Parkinson’s disease (PD) is increasingly common in America and around the world. According to Parkinson’s Foundation, as many as 10 million adults worldwide may have Parkinson’s disease.
Yet research into what causes and triggers PD to arise and how to effectively diagnose and treat the condition is still in its early stages.
Part of the challenge is that Parkinson’s itself is not one specific condition but rather a group of related neuro-degenerative disorders that share many symptoms in common.
What Causes Parkinson’s Disease?
Parkinson’s can occur at any age and stage of life. Early onset PD typically occurs on or before the age of 50 but it can even occur in children. Early onset Parkinson’s is more closely associated with heritable PD.
While most cases of Parkinson’s are considered idiopathic, or arising from non-specific or unknown causes, a smaller percentage are known to be heritable.
When Parkinson’s is diagnosed later in life, it is more likely to arise from environmental causes, including traumatic brain injury, exposure to toxins, prolonged use of certain medications, stroke and the presence of co-occurring conditions.
Parkinson’s arises when cells in an area of the brain called the substantia nigra start to become damaged or die off. These cells have a very important job – making dopamine.
Dopamine is a vital neurotransmitter that controls movement, motor function, cognition, sleep and emotion. The less dopamine the brain has, the more disruption there will be in these areas.
Diagnosing Parkinson’s Disease
Parkinson’s is usually diagnosed by a neurology physician, but sometimes it is first detected by the patient’s primary care doctor.
There is one test that is now being used to diagnose Parkinson’s. It is called the DaTscan and it was FDA-approved in 2011 specifically to for use as a Parkinson’s diagnosis.
In addition to the DaTscan, a physician will look for four major categories of symptoms to make a definitive diagnosis of Parkinson’s disease:
– Tremor or shaking.
– Bradykinesia (slowness of movement).
– Rigidity or stiffness, especially in arms, legs, trunk.
– Postural instability, including falls or trouble balancing.
At least two of these four major criteria must be present consistently for some prior period of time before a doctor will consider Parkinson’s as a possible diagnosis.
There is also genetic testing that is now available to help with family planning and future planning.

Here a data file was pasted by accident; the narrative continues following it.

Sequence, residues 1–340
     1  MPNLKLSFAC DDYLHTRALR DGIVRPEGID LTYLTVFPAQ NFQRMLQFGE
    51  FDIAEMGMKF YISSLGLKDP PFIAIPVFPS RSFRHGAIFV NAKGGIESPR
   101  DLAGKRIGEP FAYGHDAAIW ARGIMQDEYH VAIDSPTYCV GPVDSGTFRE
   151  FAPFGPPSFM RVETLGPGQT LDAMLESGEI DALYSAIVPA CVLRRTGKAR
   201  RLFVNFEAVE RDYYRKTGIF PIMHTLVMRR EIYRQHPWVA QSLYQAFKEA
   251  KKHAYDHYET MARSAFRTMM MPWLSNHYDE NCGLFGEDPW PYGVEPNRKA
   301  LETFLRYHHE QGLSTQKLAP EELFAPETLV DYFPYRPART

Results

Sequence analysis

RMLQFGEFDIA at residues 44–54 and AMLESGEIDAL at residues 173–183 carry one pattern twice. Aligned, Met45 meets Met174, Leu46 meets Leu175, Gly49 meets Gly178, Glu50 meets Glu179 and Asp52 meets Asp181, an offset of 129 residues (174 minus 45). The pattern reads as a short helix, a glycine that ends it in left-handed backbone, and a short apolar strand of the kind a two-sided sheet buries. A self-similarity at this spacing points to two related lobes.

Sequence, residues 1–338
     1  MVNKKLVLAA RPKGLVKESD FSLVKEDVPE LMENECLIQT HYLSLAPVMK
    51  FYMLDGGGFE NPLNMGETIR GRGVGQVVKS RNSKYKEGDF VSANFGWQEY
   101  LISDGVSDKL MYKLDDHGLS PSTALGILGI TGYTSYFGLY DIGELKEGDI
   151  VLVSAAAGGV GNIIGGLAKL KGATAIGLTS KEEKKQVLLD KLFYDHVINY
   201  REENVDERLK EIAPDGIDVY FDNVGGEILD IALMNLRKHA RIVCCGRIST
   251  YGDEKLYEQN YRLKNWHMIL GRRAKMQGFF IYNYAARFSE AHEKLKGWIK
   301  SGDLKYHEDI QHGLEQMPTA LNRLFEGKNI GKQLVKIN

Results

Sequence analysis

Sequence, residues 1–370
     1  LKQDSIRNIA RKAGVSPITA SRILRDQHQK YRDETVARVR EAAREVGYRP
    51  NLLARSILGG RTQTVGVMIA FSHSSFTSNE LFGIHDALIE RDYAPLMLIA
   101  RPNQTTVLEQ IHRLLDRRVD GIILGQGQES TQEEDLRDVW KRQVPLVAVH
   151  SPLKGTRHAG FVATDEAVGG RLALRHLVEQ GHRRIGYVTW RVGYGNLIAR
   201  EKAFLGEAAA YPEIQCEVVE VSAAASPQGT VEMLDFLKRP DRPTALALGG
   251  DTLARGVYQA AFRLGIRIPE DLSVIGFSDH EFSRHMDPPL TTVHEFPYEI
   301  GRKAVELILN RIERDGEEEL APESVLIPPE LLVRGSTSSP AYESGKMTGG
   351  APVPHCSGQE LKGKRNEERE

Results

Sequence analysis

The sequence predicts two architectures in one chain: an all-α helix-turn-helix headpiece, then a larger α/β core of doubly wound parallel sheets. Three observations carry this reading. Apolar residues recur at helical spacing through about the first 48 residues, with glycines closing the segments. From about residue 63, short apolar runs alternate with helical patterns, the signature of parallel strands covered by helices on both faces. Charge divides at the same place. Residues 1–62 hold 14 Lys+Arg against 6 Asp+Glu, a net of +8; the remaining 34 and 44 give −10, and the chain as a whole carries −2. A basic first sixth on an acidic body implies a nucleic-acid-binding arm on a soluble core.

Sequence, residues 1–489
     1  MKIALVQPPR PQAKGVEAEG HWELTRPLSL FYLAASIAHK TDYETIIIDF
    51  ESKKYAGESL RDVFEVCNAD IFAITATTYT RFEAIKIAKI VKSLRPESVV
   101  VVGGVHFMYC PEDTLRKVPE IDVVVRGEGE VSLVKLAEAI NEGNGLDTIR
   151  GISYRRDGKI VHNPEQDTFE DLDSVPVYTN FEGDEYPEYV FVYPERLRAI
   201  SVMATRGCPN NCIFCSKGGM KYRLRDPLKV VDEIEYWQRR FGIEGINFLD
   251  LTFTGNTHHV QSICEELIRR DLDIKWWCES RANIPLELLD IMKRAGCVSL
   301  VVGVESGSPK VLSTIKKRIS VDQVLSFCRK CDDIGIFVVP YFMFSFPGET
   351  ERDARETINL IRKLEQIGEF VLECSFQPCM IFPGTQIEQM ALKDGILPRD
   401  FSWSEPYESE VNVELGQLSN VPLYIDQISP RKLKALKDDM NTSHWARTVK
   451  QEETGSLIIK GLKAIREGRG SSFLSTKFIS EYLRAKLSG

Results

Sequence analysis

Treatment for Parkinson’s Disease
As with understanding the underlying causes and triggers for Parkinson’s disease, treatment for PD is still in its early stages. At this point, all medications available are designed to address the symptoms of PD. There is no medication as of yet to prevent or cure Parkinson’s.
PD patients today can choose from two treatment tracks: traditional medication and non-traditional medication. Some patients may combine elements of each, although patients who take this approach should always talk with their physician to avoid side effects.
Traditional Medications for Parkinson’s Disease
Traditional medication offers limited options at the moment. The primary medication is a synthetic form of levodopa. Levodopa is an amino acid the body makes naturally. It is a precursor or building block to dopamine.
Levodopa-carpidopa works to add back dopamine to the brain and lessen PD symptoms.
Additional traditional medication options include these:
– MAO-B inhibitors. These medications act to prevent the brain from breaking down dopamine.
– COMT inhibitors. These medicines can increase the impact of levodopa.
– Anticholinergics. These medications are sometimes used to treat tremors.
– Amantadine. This medicine only treats early-stage PD symptoms.
– Deep brain stimulation. This is not a medication but a procedure that is used to decrease dyskinesia (involuntary muscle movements), tremor and other PD symptoms.
Non-Traditional Medications for Parkinson’s Disease
Non-traditional medication is also available to help alleviate the symptoms of Parkinson’s disease.
Cannabis or medical marijuana is one non-traditional medication that is receiving increased attention from both patients and researchers.
The reason is because the cannabis plant contains natural cannabinoids like THC and CBD that can cross the blood-brain barrier (BBB) in ways that many other medications cannot.
The reason medical marijuana can cross the BBB is because THC and CBD are quite similar to the cannabinoids the body makes naturally. So when the brain sees medical marijuana cannabinoids coming, it doesn’t prevent them from crossing over.
This makes medical marijuana an exciting option for patients who want an alternative to traditional medications and for patients who haven’t responded well to a traditional course of treatment.
To date, a number of limited scope research studies have highlighted potential cannabis benefits for Parkinson’s patients, including improvements in dyskinesia and tremors, motor symptoms, psychosis, sleep disturbance, movement slowness and overall quality of life.
While there is much more research to be done, the same can be said for every aspect of understanding, diagnosing and treating Parkinson’s.